4. Emma Tominey, 2010. "The Timing of Parental Income and Child Outcomes: The Role of Permanent and Transitory Shocks," CEE Discussion Papers 0120, Centre for the Economics of Education, LSE.
    5. Dmytro Hryshko, 2012. "Labor income profiles are not heterogeneous: Evidence from income growth rates," Quantitative Economics, Econometric Society, vol. 3(2), pages 177-209, July.
    6. Richard Blundell & Hamish Low & Ian Preston, 2013. "Decomposing changes in income risk using consumption data," Quantitative Economics, Econometric Society, vol. 4(1), pages 1-37, March.
    7. Attanasio, Orazio P., 1995. "The intertemporal allocation of consumption: theory and evidence," Carnegie-Rochester Conference Series on Public Policy, Elsevier, vol. 42(1), pages 39-56, June.
    8. Moira Daly & Dmytro Hryshko & Iourii Manovskii, 2022. "Improving The Measurement Of Earnings Dynamics," International Economic Review, Department of Economics, University of Pennsylvania and Osaka University Institute of Social and Economic Research Association, vol. 63(1), pages 95-124, February.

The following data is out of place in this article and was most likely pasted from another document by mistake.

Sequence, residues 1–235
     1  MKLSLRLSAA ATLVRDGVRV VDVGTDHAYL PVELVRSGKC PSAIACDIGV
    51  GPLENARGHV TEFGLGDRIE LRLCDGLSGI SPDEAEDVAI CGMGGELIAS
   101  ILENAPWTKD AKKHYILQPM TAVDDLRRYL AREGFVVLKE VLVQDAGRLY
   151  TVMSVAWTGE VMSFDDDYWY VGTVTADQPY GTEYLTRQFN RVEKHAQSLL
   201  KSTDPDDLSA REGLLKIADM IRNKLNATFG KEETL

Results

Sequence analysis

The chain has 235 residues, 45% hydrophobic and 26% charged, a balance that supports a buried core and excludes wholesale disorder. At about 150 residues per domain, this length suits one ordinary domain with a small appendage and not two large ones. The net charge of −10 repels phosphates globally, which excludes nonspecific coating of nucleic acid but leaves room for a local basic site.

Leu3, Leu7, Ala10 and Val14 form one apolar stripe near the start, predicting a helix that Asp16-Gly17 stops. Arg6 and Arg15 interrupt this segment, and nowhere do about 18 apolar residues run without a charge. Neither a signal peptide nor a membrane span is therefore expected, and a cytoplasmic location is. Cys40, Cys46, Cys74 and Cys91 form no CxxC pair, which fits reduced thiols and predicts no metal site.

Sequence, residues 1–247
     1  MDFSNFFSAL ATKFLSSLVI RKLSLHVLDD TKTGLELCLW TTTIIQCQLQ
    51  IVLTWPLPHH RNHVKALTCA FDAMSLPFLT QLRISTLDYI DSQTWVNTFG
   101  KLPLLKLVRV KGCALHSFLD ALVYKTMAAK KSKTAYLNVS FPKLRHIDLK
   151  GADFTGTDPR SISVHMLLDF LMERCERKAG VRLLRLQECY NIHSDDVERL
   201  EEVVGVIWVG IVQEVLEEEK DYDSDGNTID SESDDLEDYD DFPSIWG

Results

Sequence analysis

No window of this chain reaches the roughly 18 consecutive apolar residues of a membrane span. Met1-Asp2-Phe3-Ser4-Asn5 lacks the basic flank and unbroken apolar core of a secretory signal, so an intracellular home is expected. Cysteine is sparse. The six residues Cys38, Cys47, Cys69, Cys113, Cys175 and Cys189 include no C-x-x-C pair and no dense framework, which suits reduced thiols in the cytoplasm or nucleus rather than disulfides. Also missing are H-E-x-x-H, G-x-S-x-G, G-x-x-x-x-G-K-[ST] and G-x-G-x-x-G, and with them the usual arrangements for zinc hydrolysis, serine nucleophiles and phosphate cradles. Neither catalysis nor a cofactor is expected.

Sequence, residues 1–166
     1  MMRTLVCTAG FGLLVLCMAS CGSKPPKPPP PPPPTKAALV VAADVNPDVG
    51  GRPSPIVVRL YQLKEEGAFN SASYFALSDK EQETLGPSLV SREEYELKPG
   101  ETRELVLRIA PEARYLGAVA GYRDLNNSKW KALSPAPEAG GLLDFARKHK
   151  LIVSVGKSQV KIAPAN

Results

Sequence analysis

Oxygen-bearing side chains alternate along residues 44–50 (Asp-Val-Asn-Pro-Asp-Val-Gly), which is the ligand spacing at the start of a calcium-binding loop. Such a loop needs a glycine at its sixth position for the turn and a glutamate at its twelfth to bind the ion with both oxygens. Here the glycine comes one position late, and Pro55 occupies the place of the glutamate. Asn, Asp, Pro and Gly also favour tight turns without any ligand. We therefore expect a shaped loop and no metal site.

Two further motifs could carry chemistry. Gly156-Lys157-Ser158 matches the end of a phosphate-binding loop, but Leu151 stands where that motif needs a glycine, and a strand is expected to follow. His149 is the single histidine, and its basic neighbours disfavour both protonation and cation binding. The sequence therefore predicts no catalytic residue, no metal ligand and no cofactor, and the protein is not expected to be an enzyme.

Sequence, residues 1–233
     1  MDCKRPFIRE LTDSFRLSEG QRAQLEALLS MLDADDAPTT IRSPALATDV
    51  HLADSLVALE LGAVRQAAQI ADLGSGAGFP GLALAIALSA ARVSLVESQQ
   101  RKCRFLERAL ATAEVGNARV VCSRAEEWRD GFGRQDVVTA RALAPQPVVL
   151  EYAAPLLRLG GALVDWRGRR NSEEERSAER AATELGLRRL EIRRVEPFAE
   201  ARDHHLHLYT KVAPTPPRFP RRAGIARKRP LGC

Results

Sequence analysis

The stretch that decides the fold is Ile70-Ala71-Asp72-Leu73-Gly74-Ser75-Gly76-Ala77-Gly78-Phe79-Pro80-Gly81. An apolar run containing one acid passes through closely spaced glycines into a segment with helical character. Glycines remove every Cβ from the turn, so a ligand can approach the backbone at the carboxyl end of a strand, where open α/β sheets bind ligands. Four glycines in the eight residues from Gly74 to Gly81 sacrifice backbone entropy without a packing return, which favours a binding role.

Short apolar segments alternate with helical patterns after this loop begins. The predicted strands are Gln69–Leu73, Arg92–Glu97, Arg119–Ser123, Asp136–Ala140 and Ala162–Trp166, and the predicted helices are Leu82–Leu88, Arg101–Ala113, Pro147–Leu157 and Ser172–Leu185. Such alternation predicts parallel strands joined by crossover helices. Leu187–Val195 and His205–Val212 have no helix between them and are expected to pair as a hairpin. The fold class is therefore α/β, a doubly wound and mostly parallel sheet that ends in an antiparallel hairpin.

9. José Casado, 2011. "From income to consumption: measuring households partial insurance," Empirical Economics, Springer, vol. 40(2), pages 471-495, April.
    10. Etheridge, Ben, 2015. "A test of the household income process using consumption and wealth data," European Economic Review, Elsevier, vol. 78(C), pages 129-157.
    11. Gordon Anderson & Oliver Linton & Maria Grazia Pittau & Yoon-Jae Whang & Roberto Zelli, 2021. "On unit free assessment of the extent of multilateral distributional variation," The Econometrics Journal, Royal Economic Society, vol. 24(3), pages 502-518.
    12. Richard Disney & Andy McKay & C Rashaad Shabab, 2023. "Household inequality and remittances in rural Thailand: a life-cycle perspective," Oxford Economic Papers, Oxford University Press, vol. 75(2), pages 418-443.
    13. Dirk Krueger & Fabrizio Perri, 2002. "Does Income Inequality Lead to Consumption Inequality? Evidence and Theory," NBER Working Papers 9202, National Bureau of Economic Research, Inc.
    14. Koval, Pavel & Polbin , Andrey, 2020. "Evaluation of permanent and transitory shocks role in consumption and income dynamics in the Russian Federation," Applied Econometrics, Russian Presidential Academy of National Economy and Public Administration (RANEPA), vol. 57, pages 6-29.
    15. Jessen, Robin & König, Johannes, 2018. "Hours risk, wage risk, and life-cycle labor supply," Ruhr Economic Papers 771, RWI - Leibniz-Institut für Wirtschaftsforschung, Ruhr-University Bochum, TU Dortmund University, University of Duisburg-Essen.